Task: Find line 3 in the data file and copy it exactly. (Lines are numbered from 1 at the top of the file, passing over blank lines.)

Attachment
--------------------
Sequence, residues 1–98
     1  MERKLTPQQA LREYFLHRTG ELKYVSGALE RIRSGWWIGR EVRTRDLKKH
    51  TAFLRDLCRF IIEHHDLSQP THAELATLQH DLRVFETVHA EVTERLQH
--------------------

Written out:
    51  TAFLRDLCRF IIEHHDLSQP THAELATLQH DLRVFETVHA EVTERLQH